Cautionary Tales by Peter Barns - HTML preview
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Published by Boddaert Books at Smashwords
Copyright 2012 Peter Barns
Smashwords Edition, License Notes.
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This novel is a work of fiction. The names, characters and events portrayed are the work of the author’s imagination. Any resemblance to actual persons, living or dead, is coincidental.
Peter was a dirty boy,
who picked and picked his nose.
Picked away so very much,
he nearly reached his toes.
Picking snot is not so bad,
but Peter did much worse.
Pulled his loaded finger out,
and flicked it in mum's purse.
He flicked it at the ceiling,
stuck it on the floor.
He flicked it at the curtains,
smeared it on the door.
Peter flicked his snot so much,
his mum and dad were mad.
At a loss to know just why,
their son was oh, so bad.
None could stop the snotty boy,
from picking at his nose.
Pick, then flick, then flick, then pick,
not caring where it goes.
He flicked it at a postman.
He flicked it at a car.
He flicked it at a lamp-post;
just to see how far.
Digging deep to reach his goal,
Pete caused his nose to bleed.
Silly boy just kept right on,
and paid the blood no heed.
Then one day, he pushed too deep,
picked out a piece of brain.
And now the snotty little boy,
will never pick again.
Rebecca was a busy mum,
and fed her daughter on the run.
Didn't have the time to cook,
or clean the house, or read a book.
So daughter, Ceilidh, every day,
lived on Chinese take-away.
Over time the poor girl found,
her bottom growing rather round.
Friends and neighbours came to stare,
at such a bulbous derrière.
Some joked, some poked, some whispered low,
especially her cousin Joe.
Father frowned and shook his head,
Uncle Bert just grinned and said,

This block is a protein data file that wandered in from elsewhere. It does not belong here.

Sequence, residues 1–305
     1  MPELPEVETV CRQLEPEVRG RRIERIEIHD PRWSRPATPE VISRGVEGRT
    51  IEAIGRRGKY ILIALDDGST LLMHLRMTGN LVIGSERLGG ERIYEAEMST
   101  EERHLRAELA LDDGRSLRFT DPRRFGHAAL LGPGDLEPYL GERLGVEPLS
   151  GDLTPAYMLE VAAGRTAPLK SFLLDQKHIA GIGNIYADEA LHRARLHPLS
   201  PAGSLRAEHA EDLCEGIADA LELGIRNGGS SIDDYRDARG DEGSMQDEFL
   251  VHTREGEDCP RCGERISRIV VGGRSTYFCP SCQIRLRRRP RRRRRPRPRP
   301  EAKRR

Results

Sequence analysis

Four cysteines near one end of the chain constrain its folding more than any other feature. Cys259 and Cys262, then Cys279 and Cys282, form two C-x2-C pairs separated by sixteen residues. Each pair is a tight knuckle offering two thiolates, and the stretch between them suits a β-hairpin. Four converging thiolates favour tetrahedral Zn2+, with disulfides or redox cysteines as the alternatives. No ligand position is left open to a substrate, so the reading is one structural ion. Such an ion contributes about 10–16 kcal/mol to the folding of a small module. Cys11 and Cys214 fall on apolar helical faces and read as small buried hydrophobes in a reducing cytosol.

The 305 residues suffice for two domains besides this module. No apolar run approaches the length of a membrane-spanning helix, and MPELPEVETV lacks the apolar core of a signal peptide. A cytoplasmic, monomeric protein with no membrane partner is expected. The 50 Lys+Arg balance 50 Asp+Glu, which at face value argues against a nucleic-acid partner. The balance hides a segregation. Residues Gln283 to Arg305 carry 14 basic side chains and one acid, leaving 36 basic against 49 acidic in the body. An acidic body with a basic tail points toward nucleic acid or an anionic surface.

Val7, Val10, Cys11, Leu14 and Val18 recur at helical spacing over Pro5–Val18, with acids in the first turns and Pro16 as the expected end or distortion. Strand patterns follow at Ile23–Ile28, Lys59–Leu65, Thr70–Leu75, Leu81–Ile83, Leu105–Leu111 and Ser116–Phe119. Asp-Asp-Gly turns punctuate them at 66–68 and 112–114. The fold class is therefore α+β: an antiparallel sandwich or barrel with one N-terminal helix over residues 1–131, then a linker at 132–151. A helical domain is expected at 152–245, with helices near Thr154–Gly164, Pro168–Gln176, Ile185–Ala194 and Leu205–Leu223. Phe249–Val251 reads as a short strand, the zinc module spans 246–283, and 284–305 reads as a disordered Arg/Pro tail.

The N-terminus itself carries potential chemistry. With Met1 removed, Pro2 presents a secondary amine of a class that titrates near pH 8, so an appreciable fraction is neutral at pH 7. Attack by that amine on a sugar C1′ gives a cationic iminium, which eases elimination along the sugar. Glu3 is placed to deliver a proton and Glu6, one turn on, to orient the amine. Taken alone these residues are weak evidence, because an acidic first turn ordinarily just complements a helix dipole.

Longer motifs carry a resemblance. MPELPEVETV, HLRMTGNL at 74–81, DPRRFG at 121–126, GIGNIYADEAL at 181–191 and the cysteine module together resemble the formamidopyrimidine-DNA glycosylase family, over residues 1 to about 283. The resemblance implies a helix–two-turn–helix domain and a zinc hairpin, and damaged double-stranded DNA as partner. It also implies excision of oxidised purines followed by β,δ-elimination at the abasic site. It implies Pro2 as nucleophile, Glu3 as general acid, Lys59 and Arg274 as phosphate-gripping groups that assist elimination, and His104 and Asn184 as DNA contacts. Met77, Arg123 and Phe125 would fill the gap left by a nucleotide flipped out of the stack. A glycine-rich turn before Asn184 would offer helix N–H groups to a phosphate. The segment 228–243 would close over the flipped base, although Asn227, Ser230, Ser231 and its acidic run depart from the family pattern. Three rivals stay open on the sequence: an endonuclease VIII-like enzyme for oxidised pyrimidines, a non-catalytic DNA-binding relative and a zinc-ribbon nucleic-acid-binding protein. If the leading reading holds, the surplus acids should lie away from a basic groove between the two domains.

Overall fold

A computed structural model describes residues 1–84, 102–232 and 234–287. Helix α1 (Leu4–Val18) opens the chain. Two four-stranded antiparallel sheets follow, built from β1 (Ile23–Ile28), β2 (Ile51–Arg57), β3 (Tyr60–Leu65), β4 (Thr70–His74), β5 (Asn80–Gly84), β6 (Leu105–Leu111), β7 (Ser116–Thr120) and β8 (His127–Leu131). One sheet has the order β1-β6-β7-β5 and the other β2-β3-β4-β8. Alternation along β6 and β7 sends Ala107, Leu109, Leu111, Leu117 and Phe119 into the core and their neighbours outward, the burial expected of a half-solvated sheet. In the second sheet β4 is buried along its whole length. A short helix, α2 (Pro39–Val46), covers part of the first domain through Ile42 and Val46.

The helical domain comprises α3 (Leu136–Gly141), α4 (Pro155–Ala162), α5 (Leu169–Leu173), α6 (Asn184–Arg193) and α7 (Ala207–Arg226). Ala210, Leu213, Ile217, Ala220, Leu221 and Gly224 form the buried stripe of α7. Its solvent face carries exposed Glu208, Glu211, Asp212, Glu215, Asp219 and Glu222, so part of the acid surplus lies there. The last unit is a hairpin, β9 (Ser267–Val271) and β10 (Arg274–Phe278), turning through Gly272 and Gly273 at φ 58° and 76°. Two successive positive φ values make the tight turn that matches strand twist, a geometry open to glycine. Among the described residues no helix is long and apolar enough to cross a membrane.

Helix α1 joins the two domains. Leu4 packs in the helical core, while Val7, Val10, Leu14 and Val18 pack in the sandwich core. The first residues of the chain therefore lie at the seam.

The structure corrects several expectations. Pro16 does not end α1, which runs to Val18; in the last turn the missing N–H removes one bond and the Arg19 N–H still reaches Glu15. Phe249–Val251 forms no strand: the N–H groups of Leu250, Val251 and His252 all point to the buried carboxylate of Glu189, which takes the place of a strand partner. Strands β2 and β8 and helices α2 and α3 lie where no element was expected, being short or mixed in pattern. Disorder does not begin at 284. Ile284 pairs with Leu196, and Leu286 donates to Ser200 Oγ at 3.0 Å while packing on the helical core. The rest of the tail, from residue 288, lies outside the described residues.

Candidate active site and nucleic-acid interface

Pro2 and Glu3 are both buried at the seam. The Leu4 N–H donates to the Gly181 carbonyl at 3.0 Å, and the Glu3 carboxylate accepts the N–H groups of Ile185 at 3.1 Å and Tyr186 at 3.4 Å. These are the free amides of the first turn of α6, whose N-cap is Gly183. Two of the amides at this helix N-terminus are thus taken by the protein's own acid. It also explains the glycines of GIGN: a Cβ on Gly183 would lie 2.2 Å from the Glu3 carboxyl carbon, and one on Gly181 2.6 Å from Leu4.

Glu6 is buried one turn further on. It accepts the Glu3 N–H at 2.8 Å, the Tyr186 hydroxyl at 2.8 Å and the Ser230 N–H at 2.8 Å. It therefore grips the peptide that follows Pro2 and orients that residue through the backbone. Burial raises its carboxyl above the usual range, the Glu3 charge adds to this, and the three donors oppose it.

"J-lo would pay a pretty price
to have a bum that looked that nice."
Mother chuckled at the fuss.
Replying, "That'd stop a bus!"
Such comments made young Ceilidh mad,
feel unattractive, deeply sad.
She ate and ate to fill the hurt,
provoked by mum and Uncle Bert.
But when she ate her dog, called Fang,
poor girl exploded with a bang!
When one lives with a wife who's a nutter,
one tends to be nutty oneself.
That's why this one lives in an orange,
and sleeps with his head on a shelf.
Kylie was a lovely lass:
pretty hair a curly mass,
full red lips, the brightest grin,
bright eyes lit from deep within.
Social life a heady whirl,
Kylie was a busy girl:
friends who'd go that extra mile,
just to see our Kylie smile.
When Kylie got a special gift
- wrapped in tape so hard to shift,
tore it apart with breathless glee;
out popped a shiny Blackberry.
So began her time of stress,
and life became a horrid mess:
Facebook, Twitter, all the rest,
'Liking' on-line friends the best.
Old pals now, all gone away,
new on-line friends with which to play.
Blond locks dirty and uncombed,
she's friendless now and all alone.
A hole is nowt,
So what's about,
And then a shout,
"Oy mate, look out!
Too late John,
Poor bleeders gone."
Old Granny Gobbins,
sneaked around Odd Bins,
hunting for bargains all day.
Then Mr Nighter,
Odd Bins proprietor,
chased Granny Gobbins away.
Old Granny Gobbins,
snuck back to Odd Bins,
filling her bag to the top.
Ran down the back aisle,
wearing her best smile,
slid her way out of the shop.
Old Granny Gobbins,
hurried from Odd Bins,
clutching her prize to her chest.
A car hit her back,
she dropped like a sack,
spilling gin over her vest.
Old Granny Gobbins,
dreams now of Odd Bins,
wishing she hadn't been bad.
Sits in her wheelchair,
moans life's so unfair,
missing her bogoffs like mad.
Sheree is a burpy girl,
she burps and burps all day.
And burps and burps,
and burps and burps;
her burps won't go away.
When Jane and Johnny wed in May
the sun was high and bright.
They loved each other very much
and never had a fight.
But when they signed the register,
John said, "Oh, I can't write!"
"But John," said Jane, "you never said.
You never told me so.
"You've kept this secret to yourself
since you became my beau?"
Jane stamped her foot, so very cross,
because she didn't know.
Ashamed he couldn't read, John frowned,
remembering the day,
he should have learnt to read at school,
but went instead to play.
And now he stood here like some chump,
not knowing what to say.
So dear reader, if you find,
you're just like poor old John:
can't read, can't write, can't add your sums,